Archive for September, 2012

The Beauty of Boring

We are in the midst of the latest iPhone frenzy, from last Wednesday’s announcement to next Friday’s release. The initial reactions, based on, at most, a very quick hands-on, range from ho-hum to boring and predictable to Apple is losing its mojo. No doubt the actual reviews as they trickle out over the next week or so will follow this pattern – the iPhone 5 is competent but not earth shattering and iOS is becoming stale.

But the beauty of this boringness means the design language remains the same. That is, the navigation bars and buttons, the scrollable tables with drill down to more details, the swipes and pinches, are all the same. Not only does this breed familiarity amongst users but it means that apps do not have to be redesigned to meet a new style. Or more comprehensively, there doesn’t have to be two versions of an app, each appealing to the old and new approaches.

Sure the new iPhone 5 is slightly taller in what amounts to an extra row of icons on the home screen or two new rows in a table, but most apps, including Taste ZiNG!, will be able to easily incorporate this change. There will have to be another variant for splash and background images, but views that present a table of information will automatically show more rows. The only possible changes will come on views that are not designed to scroll, so developers will need to decide whether the extra space is left at the bottom, or whether it should be evenly spread amongst the existing presentation. There is not enough new space, unlike the difference from an iPhone to iPad, to start incorporating more data.

What gets lost in the call for larger screens is the impact this has on designers and developers. Apple appreciates the subtle interplay between the widgets on a screen and the negative or white space between them. Dramatically changing the screen size has a detrimental effect on app design. Just scaling a layout by a constant multiplier depending on device size is not always the best decision. A wider screen can seduce the designer to place more buttons on a toolbar, but at some point this can become overwhelming and it might be better to reduce all the buttons to a single action button that only reveals it’s options when necessary. Indeed this is the latter option taken by the Taste ZiNG! app on the iPad. Even though there is significantly more screen estate, the set of actions that are available on each view is presented behind an “actions” button, providing a common interaction pattern, reducing noise and clutter, and allowing the use of words instead of icons.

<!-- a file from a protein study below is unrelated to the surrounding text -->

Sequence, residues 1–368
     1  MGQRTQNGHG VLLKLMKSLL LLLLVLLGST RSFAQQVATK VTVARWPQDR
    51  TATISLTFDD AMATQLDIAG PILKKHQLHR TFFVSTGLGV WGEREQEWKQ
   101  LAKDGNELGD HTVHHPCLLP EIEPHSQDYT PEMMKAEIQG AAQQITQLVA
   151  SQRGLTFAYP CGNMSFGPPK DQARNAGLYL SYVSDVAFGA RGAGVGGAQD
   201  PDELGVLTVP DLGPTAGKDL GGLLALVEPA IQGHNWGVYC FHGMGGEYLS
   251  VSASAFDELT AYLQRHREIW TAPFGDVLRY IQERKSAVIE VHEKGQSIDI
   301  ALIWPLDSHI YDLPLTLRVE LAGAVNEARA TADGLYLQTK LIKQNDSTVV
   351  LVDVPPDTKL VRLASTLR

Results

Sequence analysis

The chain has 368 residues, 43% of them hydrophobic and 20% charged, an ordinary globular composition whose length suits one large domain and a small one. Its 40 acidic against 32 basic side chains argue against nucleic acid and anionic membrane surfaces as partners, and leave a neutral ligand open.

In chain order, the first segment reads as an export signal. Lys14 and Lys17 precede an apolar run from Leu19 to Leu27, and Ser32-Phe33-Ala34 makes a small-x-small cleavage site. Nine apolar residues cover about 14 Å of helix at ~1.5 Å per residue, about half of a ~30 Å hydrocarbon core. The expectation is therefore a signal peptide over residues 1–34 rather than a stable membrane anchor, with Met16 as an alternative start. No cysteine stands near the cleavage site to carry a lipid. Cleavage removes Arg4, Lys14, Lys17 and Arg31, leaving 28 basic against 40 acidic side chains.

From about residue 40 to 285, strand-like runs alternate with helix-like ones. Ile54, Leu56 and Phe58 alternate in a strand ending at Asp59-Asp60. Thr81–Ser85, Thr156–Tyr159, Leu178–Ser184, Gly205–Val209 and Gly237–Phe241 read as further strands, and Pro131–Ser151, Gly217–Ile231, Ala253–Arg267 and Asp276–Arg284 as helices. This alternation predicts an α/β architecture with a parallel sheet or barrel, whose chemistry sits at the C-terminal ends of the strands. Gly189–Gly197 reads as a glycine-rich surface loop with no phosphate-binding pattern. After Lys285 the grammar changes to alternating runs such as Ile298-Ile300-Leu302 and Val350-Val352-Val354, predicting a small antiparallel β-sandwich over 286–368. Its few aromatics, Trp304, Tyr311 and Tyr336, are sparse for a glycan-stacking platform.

Look for a update to the Taste ZiNG! app explicitly supporting the larger screen of the iPhone5 in a few weeks. We are in the middle of some other changes that will need to be completed first. And of course, we want to test the app on actual device before submitting a new version (and that may take awhile as pre-orders sold out in one hour!).


Welcome to the Self Service Economy

Last week I attended the first Portland Digital Experience conference and during a presentation on “Magically Customizing Your Users Experience”, Tom Byrnes from 4-Tell expanded on the fact:

We are not in a service economy, we are in a self-service economy

He supported the argument by highlighting a report from Accenture that found in a retail environment, 60% of customers know more about a product that the sales representative. Not difficult when, as Byrnes pointed out, the average length of service of employees for a major retailer is 6 weeks.

Given the high staff turnover and the relative inexperience that plagues many big box stores, it is no wonder that customers take it upon themselves to educate themselves. Fortunately they now have the tools available to perform research, even while in the actual retail establishment.

The same self-service skills transfer to a restaurant situation, it is relatively easy to use your mobile device to search for details on unfamiliar bottles on a wine list. However that can be a time consuming and socially unpopular activity table-side if you are considering more than a couple of wines. To enable an effective self-service experience, a restaurant needs to provide the tools for a more directed decision making process.

In a recent column, Matt Kramer observed many wine lists are unusable, nothing more than a price list. Kramer suggests that what wine lists need to be, and what a modern sommelier needs to do, is to better educate their customers. In effect, tell a better and more effective story about a wine so that a person can make a better choice. He offers a couple of proposals such as showcasing a select number of interesting wines or using symbols on the wine list to highlight unique items.

However I don’t think either of these really help. A deeper back story on wines might be nice, but who is going to read (or who’s dining partner is going to let them read) a 100 word biography on each potential selection. Highlighting interesting and unique wines is also nice, and wine programs should be encouraged to contain a diverse selection, but is a diner really going to take a chance on a wine if they are not sure that it will match their food?

A wine list cannot be considered in isolation; a selection needs to be made in concert with the food choices. But this is where the self-service economy falls down without additional details from the restaurant about the dominant elements within a dish. So the challenge for restaurants in the new self-service economy is to find ways to provide enough information to assist a diner in making informed decisions.